Obama Plans Balanced Cyber Security Measures, Remains Committed To Neutral, Open Internet

BY CCIA Staff
May 29, 2009

The Computer & Communications Industry Association is issuing the following statement in response to President Obama’s statement today on the nation’s cyber security infrastructure. The following statement can be attributed to Ed Black, President & CEO of CCIA:

“President Obama announced he plans to appoint both a cyber security czar and someone who understands privacy and civil liberties to the National Security Council cyber security team. This shows the Obama Administration understands the critical balance needed to keep the Internet open and safe and to maintain the freedom and trust of those using it. We know the pressures to deviate from this balance will be strong, and we hope he can stay on course.

“Better cyber security is certainly needed so people trust their information and sensitive data is secure. But if government agencies’ security efforts overreach, the damage from privacy and civil rights violations can be just as damaging to the faith and trust in the sanctity of our communications networks as the malicious actions of terrorists and criminals. It sounded like President Obama was aware of this balance when he announced plans to boost cyber security measures, but said they would not involve monitoring private sector networks or Internet traffic.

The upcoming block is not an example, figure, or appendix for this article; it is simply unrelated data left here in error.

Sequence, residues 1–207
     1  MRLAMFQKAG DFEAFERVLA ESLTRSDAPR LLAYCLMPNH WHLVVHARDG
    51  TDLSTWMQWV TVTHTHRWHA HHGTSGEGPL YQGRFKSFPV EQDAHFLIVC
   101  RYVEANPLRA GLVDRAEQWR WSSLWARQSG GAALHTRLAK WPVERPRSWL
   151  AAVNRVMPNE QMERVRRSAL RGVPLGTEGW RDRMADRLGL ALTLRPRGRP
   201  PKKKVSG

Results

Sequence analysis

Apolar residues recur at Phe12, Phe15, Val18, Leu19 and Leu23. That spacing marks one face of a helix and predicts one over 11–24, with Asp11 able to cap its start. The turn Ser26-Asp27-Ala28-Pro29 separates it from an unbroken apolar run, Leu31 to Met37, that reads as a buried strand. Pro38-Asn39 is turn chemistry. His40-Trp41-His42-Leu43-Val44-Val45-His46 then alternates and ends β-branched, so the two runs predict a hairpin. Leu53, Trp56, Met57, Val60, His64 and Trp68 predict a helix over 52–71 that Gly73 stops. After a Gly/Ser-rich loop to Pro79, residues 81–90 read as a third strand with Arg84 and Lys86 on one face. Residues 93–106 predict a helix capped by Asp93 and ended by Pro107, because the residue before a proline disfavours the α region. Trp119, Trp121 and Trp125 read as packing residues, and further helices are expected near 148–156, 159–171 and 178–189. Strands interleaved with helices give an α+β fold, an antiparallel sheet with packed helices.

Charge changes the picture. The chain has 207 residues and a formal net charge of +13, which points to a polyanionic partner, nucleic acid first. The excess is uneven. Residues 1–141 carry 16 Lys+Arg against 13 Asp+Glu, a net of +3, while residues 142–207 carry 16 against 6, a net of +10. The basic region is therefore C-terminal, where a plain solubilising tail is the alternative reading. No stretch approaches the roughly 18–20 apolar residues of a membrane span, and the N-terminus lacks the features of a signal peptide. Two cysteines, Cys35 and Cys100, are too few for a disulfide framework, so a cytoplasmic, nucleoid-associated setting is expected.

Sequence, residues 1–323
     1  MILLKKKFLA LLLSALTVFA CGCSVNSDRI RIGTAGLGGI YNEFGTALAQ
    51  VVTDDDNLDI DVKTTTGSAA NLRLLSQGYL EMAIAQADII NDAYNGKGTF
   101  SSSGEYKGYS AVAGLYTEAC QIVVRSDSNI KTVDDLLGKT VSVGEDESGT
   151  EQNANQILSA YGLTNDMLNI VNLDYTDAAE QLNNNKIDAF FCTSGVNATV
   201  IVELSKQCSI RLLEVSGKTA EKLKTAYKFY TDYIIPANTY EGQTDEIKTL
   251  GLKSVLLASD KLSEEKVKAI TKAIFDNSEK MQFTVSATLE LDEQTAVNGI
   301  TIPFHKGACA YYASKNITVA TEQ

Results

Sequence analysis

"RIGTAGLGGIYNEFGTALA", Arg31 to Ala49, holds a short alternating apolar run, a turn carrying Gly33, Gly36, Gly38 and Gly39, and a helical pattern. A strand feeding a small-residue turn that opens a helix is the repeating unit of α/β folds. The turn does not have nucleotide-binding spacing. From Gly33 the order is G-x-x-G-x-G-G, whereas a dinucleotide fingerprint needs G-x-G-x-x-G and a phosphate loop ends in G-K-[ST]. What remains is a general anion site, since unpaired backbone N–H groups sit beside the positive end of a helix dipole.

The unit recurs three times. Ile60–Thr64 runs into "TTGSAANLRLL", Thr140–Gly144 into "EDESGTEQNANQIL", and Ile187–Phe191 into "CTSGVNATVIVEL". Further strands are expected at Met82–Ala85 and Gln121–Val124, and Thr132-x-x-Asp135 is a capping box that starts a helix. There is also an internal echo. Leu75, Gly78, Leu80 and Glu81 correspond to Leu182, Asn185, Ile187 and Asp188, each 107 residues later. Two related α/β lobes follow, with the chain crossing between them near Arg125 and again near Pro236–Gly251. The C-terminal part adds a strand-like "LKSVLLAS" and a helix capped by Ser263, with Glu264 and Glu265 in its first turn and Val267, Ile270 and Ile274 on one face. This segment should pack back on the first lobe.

“President Obama announced his commitment to shoring up the nation’s cyber infrastructure to better protect the network we all rely on from attacks foreign or domestic. He also committed to protect the Internet from those who would sacrifice the openness and freedom of the Internet for their own parochial interests when he said he ‘remained firmly committed to net neutrality.’ This makes sense in an announcement on the nation’s cyber infrastructure because having Internet traffic content neutral is what everyone from the small business owners to venture capitalists Obama mentioned in his speech rely on daily to do their jobs.”

 

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